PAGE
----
Plagiarism detection systems

These interfaces are typically online-based systems that support the detection and prevention of plagiarism and academic dishonesty. Detection systems usually consist of large database archives of previously-submitted work, current and archived Internet websites, and work submitted by a student's peers. These programs analyze the student's submitted paper against this massive databank, and typically provide a report scoring the originality and potential of plagiarism in a student's work.


One of the leading plagiarism detection systems in use today is Turnitin. This software package compares a user's submitted file to all similar files in the company's massive database. When the analysis is complete, the instructor is provided with an easy-to-read report that illustrates what percentage of the student's paper Turnitin considers to be original work. A sample report can be seen here. An important feature of this detection software is its compatability and integration with learning management systems (LMS's). By linking with software suites such as Blackboard, WebCT, and even open-source LMS programs such as Moodle, Turnitin offers educational institutions a simple, seamless method to accept, evaluate, and check the integrity of student work.

In an article from 2002 The Chronicle for Higher Education points out some negative feedback regarding the use of Turnitin. Turnitin adds submitted work to its database of information to check against for plagiarism and some feel that this may be a violation of copyright law. In this article John Barrie, the creator of Turnitin, states that "In no way do we diminish students' ability to market their work," and claims Turnitin effectively helps to protect the work of students.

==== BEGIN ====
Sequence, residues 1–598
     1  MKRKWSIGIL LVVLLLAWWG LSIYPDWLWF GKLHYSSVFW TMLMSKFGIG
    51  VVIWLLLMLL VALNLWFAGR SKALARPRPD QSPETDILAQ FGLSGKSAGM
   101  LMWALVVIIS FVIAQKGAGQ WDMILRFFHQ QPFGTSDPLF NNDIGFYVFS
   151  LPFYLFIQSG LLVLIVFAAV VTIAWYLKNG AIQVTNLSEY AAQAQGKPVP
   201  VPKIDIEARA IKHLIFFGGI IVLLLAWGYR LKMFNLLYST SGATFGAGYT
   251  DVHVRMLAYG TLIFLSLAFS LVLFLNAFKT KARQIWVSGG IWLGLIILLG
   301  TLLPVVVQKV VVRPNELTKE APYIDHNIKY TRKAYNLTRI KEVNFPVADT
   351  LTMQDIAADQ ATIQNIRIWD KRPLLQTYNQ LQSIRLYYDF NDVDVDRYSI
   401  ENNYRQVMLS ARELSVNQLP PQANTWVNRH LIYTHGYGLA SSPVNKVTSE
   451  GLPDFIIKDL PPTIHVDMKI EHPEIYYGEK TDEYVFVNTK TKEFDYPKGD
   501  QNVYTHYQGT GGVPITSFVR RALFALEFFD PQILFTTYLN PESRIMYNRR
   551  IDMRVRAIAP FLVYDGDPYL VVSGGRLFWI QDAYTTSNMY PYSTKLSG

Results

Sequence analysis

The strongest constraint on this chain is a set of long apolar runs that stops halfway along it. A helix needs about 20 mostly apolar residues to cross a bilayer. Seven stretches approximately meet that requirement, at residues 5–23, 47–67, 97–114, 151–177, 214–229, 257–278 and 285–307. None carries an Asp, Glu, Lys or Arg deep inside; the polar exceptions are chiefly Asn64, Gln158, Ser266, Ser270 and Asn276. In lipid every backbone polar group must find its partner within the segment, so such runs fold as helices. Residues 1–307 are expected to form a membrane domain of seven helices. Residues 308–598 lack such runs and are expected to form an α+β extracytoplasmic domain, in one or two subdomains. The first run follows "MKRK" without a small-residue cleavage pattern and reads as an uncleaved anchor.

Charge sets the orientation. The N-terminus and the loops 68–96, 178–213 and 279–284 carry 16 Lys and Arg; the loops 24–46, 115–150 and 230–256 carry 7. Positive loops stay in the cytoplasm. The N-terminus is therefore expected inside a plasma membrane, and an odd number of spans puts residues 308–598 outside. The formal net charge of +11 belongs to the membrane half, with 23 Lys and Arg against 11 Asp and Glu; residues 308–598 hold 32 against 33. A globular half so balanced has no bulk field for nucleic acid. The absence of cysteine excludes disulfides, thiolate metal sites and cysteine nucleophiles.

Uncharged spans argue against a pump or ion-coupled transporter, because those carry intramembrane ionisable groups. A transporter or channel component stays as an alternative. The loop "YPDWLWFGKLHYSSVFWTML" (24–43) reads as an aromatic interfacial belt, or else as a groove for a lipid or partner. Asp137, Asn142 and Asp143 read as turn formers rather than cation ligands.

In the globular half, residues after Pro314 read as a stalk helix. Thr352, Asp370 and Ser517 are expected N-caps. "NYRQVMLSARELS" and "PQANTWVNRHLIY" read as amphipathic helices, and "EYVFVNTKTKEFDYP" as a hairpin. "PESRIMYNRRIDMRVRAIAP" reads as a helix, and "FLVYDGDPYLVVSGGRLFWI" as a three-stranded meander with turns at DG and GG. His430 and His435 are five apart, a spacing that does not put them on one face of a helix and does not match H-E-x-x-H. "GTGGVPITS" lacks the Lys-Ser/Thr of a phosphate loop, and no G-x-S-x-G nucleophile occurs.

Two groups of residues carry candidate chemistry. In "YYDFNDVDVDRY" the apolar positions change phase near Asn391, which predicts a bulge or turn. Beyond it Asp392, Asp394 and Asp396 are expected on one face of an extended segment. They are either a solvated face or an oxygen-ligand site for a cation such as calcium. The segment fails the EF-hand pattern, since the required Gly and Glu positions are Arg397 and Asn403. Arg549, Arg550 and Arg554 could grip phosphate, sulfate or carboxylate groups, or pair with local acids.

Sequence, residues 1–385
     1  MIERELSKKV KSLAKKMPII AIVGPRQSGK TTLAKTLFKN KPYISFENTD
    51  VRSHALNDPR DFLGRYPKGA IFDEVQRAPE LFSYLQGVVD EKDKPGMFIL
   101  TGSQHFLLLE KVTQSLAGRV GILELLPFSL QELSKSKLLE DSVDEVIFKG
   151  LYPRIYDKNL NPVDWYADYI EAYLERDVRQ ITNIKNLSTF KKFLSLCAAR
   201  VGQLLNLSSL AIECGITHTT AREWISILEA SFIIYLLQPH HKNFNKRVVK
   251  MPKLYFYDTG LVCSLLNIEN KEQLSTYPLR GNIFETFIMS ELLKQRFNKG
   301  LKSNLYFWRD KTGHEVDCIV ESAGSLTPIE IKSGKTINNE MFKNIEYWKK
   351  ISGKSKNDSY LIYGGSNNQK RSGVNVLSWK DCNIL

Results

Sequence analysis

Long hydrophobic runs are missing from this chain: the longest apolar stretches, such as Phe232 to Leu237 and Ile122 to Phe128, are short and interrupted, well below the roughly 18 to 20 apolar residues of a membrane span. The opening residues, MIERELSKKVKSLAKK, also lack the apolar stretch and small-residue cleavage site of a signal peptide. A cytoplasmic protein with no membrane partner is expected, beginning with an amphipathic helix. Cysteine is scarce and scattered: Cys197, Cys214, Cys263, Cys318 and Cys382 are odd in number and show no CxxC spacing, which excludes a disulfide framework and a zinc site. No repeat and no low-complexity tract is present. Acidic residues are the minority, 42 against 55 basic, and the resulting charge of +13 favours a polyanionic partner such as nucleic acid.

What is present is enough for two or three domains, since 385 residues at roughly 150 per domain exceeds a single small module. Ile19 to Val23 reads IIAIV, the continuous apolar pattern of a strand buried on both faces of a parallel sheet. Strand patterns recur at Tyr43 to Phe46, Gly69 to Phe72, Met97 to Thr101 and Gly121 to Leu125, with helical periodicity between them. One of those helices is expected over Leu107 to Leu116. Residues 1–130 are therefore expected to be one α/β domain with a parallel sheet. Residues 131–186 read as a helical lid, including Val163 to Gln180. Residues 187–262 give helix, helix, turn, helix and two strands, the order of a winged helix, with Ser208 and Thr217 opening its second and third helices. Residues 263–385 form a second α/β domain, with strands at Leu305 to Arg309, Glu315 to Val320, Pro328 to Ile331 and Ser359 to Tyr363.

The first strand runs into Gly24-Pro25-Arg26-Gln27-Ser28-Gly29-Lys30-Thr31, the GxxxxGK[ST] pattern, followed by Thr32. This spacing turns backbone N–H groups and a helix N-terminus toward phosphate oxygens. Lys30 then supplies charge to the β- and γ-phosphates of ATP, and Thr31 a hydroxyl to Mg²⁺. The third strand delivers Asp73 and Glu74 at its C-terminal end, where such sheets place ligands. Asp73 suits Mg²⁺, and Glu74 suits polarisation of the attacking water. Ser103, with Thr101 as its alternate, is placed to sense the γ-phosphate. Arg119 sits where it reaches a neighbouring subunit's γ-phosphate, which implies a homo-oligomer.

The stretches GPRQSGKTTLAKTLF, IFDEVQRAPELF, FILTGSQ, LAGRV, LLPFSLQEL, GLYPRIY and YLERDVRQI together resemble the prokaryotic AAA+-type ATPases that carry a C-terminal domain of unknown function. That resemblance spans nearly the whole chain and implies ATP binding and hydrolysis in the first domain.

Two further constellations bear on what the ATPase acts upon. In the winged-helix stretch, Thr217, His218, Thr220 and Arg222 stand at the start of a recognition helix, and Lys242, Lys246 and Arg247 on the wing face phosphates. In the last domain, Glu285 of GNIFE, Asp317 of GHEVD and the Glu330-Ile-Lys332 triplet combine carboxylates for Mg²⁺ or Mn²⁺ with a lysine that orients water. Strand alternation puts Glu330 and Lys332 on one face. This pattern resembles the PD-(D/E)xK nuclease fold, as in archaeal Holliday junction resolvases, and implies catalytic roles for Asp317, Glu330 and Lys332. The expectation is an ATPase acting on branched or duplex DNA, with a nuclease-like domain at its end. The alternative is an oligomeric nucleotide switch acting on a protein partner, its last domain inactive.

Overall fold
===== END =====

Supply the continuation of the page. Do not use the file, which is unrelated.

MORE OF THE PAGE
This article points out that not all plagiarism detection services add submitted work to their databases, but rather search websites, journals, and other published works for similarities as noted above.


Although not as sophisticated as other PDSs, "Googling" has been showing in studies to be an effective an inexpesive tool in checking for plagiarism. This was reported on by the Technology Learning Council at Huntington University. For schools without access to the more expensive systems, training in how to use Google as an effective plagiarism detection system should be given.

The Cultural Plagiarism Revolution:

A March 1, 2004 report indicates that two New York Times editors resigned for their rolls in reporter Jayson Blair's plagiarism and fabrication of facts in stories for the Times. The story illustrated just how dangerous and easy it is to plagiarise. It also illustrated how prevalent it has become in the information age and it is not just limited to educational institutions. iThenticate is a program that is being marketed to not only education institutions but also to corporations, government entities, and lawyers.

Here is a video that discusses the Ann Culter allegations:

Here you see even Washington has gotten caught up in the issue:

Even these videos that were found on YouTube would probably be deemed copyright infringement!!!